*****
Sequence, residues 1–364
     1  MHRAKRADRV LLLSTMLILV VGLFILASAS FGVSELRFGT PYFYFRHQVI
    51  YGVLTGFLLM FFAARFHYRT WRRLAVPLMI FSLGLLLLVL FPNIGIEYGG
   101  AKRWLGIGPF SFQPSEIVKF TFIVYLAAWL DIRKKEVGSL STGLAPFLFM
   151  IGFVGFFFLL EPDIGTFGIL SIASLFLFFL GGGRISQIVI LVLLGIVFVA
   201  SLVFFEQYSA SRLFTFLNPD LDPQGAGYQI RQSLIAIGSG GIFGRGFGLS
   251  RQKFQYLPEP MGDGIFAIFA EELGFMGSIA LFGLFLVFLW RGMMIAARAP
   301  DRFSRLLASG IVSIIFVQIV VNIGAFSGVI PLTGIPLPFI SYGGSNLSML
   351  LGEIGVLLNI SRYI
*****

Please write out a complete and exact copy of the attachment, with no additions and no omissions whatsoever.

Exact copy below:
Sequence, residues 1–364
     1  MHRAKRADRV LLLSTMLILV VGLFILASAS FGVSELRFGT PYFYFRHQVI
    51  YGVLTGFLLM FFAARFHYRT WRRLAVPLMI FSLGLLLLVL FPNIGIEYGG
   101  AKRWLGIGPF SFQPSEIVKF TFIVYLAAWL DIRKKEVGSL STGLAPFLFM
   151  IGFVGFFFLL EPDIGTFGIL SIASLFLFFL GGGRISQIVI LVLLGIVFVA
   201  SLVFFEQYSA SRLFTFLNPD LDPQGAGYQI RQSLIAIGSG GIFGRGFGLS
   251  RQKFQYLPEP MGDGIFAIFA EELGFMGSIA LFGLFLVFLW RGMMIAARAP
   301  DRFSRLLASG IVSIIFVQIV VNIGAFSGVI PLTGIPLPFI SYGGSNLSML
   351  LGEIGVLLNI SRYI